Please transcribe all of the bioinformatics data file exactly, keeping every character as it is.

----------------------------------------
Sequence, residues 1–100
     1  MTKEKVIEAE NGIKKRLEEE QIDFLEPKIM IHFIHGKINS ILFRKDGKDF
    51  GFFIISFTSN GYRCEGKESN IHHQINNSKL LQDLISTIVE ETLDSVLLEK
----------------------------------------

Sequence, residues 1–100
     1  MTKEKVIEAE NGIKKRLEEE QIDFLEPKIM IHFIHGKINS ILFRKDGKDF
    51  GFFIISFTSN GYRCEGKESN IHHQINNSKL LQDLISTIVE ETLDSVLLEK